Obamacare repeal will hand a nauseating tax cut to the rich.

Obamacare Repeal Will Hand a Nauseating Tax Cut to the Rich

Obamacare Repeal Will Hand a Nauseating Tax Cut to the Rich

Moneybox
A blog about business and economics.
Jan. 12 2017 4:47 PM

Obamacare Repeal Will Hand a Nauseating Tax Cut to the Rich

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Obamacare is a complicated law with lots of interlocking parts that make it tricky to understand. But one of the core, very simple things it did was raise taxes on the wealthy in order to fund subsidized health care for more Americans. Couples earning more than $250,000 saw a 0.9 percent increase in their top Medicare tax rate, as well as a new, 3.8 percent Mediare surtax on investment income.

If Republicans have their way and successfully repeal the Affordable Care Act, those two taxes will be toast—which will mean a substantial break for some of the country's wealthiest families. The liberal Center on Budget and Policy Priorities estimates that millionaires would see 80 percent of the benefits from those tax reductions. Based on the most recent IRS data, the think tank roughly projects that the 400 highest income households—which earned an average of more than $300 million each in 2014—would see a $2.8 billion annual tax cut, worth about $7 million on average per filer. To put that in some perspective, that's a smidge more than Obamacare is set to spend on insurance premium tax credits in the 20 smallest states and the District of Columbia.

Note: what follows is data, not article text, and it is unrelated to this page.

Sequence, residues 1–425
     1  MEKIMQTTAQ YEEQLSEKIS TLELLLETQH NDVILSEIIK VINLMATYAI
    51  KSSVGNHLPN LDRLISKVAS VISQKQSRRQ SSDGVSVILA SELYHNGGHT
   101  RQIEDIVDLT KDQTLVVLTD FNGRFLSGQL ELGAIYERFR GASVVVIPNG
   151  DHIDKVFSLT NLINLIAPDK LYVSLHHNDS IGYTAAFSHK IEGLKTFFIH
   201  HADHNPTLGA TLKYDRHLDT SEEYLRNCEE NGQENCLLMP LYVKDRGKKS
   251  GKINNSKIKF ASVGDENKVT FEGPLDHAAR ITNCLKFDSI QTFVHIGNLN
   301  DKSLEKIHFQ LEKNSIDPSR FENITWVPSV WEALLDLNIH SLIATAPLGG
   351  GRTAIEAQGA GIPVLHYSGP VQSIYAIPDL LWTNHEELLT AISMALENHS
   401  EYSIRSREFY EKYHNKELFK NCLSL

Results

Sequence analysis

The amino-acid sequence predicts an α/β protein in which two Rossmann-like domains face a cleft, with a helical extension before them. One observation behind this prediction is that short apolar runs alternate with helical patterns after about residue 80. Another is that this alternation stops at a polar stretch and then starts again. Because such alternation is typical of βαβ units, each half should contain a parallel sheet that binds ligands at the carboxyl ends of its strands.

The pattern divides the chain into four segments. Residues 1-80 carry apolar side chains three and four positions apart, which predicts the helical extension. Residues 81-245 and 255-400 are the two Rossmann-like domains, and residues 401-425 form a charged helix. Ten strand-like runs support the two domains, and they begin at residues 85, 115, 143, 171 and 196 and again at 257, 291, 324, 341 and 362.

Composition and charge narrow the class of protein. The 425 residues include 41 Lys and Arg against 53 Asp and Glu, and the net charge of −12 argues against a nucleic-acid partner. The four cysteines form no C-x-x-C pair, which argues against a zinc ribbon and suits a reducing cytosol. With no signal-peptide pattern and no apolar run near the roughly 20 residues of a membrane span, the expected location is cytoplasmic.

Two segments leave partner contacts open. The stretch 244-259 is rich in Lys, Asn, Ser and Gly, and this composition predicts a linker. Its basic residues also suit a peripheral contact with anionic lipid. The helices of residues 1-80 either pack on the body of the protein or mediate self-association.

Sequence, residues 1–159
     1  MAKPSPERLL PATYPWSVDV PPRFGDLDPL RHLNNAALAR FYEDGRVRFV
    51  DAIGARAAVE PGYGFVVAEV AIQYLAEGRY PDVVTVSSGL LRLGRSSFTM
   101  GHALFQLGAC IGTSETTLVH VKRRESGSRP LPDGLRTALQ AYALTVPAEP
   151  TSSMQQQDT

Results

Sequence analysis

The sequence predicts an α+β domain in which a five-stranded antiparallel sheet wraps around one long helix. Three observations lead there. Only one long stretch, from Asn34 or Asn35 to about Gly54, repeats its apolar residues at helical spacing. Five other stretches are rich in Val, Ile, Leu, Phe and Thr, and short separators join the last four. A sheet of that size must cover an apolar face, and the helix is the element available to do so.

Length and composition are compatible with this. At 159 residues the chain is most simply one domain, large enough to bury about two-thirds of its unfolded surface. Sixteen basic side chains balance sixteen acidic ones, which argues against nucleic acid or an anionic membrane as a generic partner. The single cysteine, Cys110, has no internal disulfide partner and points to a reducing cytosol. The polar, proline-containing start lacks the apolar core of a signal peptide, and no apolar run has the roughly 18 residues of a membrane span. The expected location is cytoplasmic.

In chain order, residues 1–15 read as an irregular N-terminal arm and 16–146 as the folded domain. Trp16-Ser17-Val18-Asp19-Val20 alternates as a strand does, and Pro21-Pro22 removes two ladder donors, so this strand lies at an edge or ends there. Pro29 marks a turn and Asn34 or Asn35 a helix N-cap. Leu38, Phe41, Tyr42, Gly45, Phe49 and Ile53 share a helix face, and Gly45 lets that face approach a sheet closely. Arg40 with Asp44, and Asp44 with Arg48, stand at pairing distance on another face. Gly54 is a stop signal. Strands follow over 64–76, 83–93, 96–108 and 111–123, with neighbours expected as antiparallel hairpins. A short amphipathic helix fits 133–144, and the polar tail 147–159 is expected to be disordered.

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Republicans cutting benefits for the working class and poor in order to fund tax cuts for the wealthy is a dog bites man story if there ever was one. But by repealing Obamacare's sources of funding, the GOP is putting itself in a little bit of a bind. After all, any viable Republican replacement plan—should one actually ever come into existence, as promised—is going to presumably require some funding. Once Congress has dumped the Affordable Care Act's taxes into the dustbin of fiscal history, however, a lot of Republicans may be nervous about raising taxes to fund their own proposal. What happens at that point? Your guess is good as mine.

Jordan Weissmann is Slate’s senior business and economics correspondent.